I worry that Doran got a lot
    of grief after the Nyx were freed.
    Well, maybe not that worried.

    This comic attempts to flesh out the ideas behind the "Nightmare Rarity" arc, but opens many other questions. It feels like a missed opportunity on several fronts. Doran could have been a much more interesting character if she'd become aware of Nightmare Moon's true intentions. Celestia could have also been an interesting study as she tires to protect her charges while accepting her own actions. It could also explore the morality of how far you can influence someone's mind before reaching Nightmare Moon's level of invasion. 


    Oddly enough, Nightmare Moon is the least questionable element. She is snide, short-tempered, and proud. Just like in the show. It is a fitting portrayal for her. Yet I find that a solid villain is often a good opportunity to flesh out the heroes. This was a missed chance.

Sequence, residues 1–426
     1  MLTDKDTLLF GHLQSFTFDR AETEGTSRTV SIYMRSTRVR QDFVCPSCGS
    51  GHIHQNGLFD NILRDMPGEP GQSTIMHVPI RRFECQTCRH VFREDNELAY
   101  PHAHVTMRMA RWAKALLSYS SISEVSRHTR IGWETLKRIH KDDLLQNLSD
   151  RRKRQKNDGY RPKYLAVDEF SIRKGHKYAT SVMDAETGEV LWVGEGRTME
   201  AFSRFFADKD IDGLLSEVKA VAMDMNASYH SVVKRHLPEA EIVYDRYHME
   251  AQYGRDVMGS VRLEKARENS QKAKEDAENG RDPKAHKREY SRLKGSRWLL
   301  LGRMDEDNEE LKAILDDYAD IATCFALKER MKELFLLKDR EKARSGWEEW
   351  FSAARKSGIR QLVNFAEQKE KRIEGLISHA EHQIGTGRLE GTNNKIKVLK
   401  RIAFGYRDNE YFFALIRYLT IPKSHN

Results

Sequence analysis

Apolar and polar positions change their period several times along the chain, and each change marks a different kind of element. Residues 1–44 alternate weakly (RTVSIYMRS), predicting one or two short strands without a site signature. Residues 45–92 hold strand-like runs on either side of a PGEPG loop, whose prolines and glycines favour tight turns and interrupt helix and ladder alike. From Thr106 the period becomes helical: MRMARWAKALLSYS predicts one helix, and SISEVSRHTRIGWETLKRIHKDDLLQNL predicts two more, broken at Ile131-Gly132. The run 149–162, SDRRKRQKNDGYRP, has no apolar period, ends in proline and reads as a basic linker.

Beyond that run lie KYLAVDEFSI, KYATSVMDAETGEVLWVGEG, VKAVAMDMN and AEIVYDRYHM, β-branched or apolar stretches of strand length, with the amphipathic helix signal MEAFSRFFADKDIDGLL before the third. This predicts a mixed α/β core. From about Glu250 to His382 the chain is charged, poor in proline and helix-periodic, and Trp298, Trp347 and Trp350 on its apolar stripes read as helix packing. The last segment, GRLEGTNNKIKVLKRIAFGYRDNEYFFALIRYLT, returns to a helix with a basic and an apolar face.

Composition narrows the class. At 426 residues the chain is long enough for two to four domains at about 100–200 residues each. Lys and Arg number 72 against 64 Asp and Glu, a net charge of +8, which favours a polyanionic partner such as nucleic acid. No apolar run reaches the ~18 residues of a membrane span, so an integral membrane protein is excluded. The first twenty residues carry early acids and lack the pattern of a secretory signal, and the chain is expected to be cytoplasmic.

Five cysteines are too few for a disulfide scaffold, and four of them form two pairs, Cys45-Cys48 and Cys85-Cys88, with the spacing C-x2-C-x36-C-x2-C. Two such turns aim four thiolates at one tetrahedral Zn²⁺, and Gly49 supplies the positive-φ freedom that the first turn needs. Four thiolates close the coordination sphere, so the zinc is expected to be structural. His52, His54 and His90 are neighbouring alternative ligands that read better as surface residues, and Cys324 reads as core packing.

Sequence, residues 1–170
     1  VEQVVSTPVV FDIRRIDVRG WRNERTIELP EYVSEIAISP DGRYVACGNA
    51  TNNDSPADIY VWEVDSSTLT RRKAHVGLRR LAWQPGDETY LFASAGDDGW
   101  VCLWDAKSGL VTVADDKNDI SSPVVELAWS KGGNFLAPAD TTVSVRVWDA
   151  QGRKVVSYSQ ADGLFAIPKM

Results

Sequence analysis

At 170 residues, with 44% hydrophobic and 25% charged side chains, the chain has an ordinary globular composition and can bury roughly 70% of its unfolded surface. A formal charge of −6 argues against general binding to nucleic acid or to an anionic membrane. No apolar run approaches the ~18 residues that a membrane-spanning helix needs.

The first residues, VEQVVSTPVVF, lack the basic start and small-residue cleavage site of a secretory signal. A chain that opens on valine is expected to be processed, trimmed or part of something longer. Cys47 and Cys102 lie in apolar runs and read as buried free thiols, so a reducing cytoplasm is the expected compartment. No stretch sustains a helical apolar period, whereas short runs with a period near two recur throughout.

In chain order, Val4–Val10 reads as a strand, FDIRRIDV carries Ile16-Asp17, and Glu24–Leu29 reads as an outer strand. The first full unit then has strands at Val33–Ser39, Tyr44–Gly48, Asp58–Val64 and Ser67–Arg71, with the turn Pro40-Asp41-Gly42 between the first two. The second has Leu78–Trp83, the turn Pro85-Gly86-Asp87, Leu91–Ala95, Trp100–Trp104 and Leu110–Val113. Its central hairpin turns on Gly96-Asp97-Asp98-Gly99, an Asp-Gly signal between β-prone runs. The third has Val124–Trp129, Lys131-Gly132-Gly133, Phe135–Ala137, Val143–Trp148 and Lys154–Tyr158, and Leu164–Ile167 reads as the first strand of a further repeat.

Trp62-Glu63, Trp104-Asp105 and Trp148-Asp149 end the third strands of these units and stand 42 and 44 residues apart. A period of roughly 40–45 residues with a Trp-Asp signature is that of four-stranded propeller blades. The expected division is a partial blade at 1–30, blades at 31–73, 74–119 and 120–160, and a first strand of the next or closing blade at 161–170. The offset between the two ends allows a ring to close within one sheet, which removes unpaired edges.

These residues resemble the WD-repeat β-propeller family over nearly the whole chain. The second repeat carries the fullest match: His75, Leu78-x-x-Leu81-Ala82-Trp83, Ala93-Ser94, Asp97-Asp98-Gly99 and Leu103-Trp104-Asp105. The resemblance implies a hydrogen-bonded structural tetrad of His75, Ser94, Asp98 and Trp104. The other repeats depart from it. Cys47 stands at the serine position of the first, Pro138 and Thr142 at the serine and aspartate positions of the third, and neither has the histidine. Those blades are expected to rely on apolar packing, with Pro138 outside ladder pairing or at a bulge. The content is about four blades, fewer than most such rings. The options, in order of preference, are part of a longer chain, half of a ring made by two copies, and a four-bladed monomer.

"Just wait until you meet Cadance!"
    "Will I?"
    "Not really!"

    I hold it in higher regard than the Sirens' issue because it does have the opportunity for deeper ideas and is more conflict-driven. Yet it's still not high on the charts. My fourth-favorite out of five-issue series.

    Just give her a thousand years or so.

    Sadly, time and continuity have not left this issue with a lot to stand on. I think looking back on it helps me appreciate Fleecs and Breckel's growth and talent in more recent issues. A marker between then and now. This appears to be the last issue Nuhfer worked on and I'm not sure if she'll return down the road.

    Of course there's a Thunder Gremlin in there!
    How could there not be?

    If Comixology is steering me correctly, we should be seeing a new issue next week. Until then. I'm Silver Quill. Thanks for reading!

    Silver Quill on Twitter